Santa Cruz Good Times

Wednesday
Jul 30th
Text size
  • Increase font size
  • Default font size
  • Decrease font size

Environment

News - Environment

California’s Green Facelift

California’s Green Facelift

Santa Cruz’s Ecology Action is at the center of new program designed to save money and the environment
Just in time for the New Year, the Energy Upgrade California Program (EUCP) is announcing its plans to keep the environment green and clean while putting a different kind of green back into the pockets of the state and consumers alike.

A collaborative effort between nonprofits, utility companies and the California Energy Commission (CEC), the program will use federal stimulus funds from the American Reinvestment and Recovery Act of 2009 (ARRA). It will allow homeowners and commercial businesses a unique opportunity to make their buildings more energy efficient by providing rebates and monetary incentives for upgrades. What makes this program different from others, is that it is a statewide program that will allow all 58 counties to participate in reducing the state’s greenhouse gas emissions providing more benefits than just monetary. At the cornerstone of the project is Santa Cruz’s own Ecology Action.

Read more...
News - Environment

Taking Action

Taking Action

Local nonprofit heads to Haiti to offer aid and support
Having only five members hasn’t stopped fledgling humanitarian nonprofit Action Santa Cruz from delivering aid and supplies to a whole arsenal of worthy causes. The small group formed shortly after the 7.0 earthquake devastated Haiti in January 2010. On Dec. 9, the group will take flight to Haiti, where its members will embark on a search for the project that will define them.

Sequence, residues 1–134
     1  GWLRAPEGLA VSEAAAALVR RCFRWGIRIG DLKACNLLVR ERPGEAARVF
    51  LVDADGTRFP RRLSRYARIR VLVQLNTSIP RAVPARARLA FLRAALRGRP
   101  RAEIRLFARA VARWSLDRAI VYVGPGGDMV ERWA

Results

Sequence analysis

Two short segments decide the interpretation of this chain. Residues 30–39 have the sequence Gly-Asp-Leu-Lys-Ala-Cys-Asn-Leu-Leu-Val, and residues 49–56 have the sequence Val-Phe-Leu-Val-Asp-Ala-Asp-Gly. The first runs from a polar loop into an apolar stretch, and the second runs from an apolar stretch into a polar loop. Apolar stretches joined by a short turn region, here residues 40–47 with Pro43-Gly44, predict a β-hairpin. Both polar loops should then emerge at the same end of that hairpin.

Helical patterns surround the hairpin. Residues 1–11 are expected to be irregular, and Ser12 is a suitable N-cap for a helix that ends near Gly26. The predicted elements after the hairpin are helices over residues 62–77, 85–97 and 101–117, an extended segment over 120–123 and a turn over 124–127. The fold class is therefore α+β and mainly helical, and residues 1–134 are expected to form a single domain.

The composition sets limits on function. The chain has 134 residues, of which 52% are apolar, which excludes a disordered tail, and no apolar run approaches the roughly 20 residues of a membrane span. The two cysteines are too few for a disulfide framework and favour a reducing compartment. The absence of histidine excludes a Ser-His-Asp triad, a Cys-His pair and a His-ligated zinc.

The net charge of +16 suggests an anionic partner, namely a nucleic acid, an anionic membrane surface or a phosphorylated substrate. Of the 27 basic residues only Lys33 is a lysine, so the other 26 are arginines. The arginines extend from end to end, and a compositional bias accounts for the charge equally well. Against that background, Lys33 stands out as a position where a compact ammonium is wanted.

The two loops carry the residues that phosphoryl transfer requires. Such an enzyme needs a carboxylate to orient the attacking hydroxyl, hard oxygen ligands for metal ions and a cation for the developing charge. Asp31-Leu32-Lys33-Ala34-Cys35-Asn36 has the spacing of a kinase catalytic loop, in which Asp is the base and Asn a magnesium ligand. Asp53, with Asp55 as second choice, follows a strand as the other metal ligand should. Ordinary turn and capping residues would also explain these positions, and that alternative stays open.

And if their resolve is tested, Action Santa Cruz has the inspiration they need to fall back on, a Haitian saying which has already carried member Mary Anne Kramer-Urner through one challenging trip to Haiti:

“Piti, piti, zwazo fe nich.”

Read more...
News - Environment

Something Old Something New

Something Old Something New

Local Business and Non Profit Partner to Revitalize Sentinel Building
The long-anticipated retrofit of the Santa Cruz Sentinel building is about to nearly open for business. The designers, builders, owners and future tenants of the revamped building welcomed Good Times to a preview of its new “green” home on Friday, Nov. 12. Our tour inspired feelings of pride to see what can be accomplished when business works to preserve tradition while developing a modern workspace.

The original Sentinel building was operated by our local newspaper from 1966 to 2007 when it moved to Scotts Valley. In 2008 local internet provider Cruzio and the progressive non-profit Ecology Action partnered with Appenrodt Commercial Properties to purchase and redesign the space at the corner of Cedar and Church Street in Downtown Santa Cruz. Out first impression? Nothing short of wow.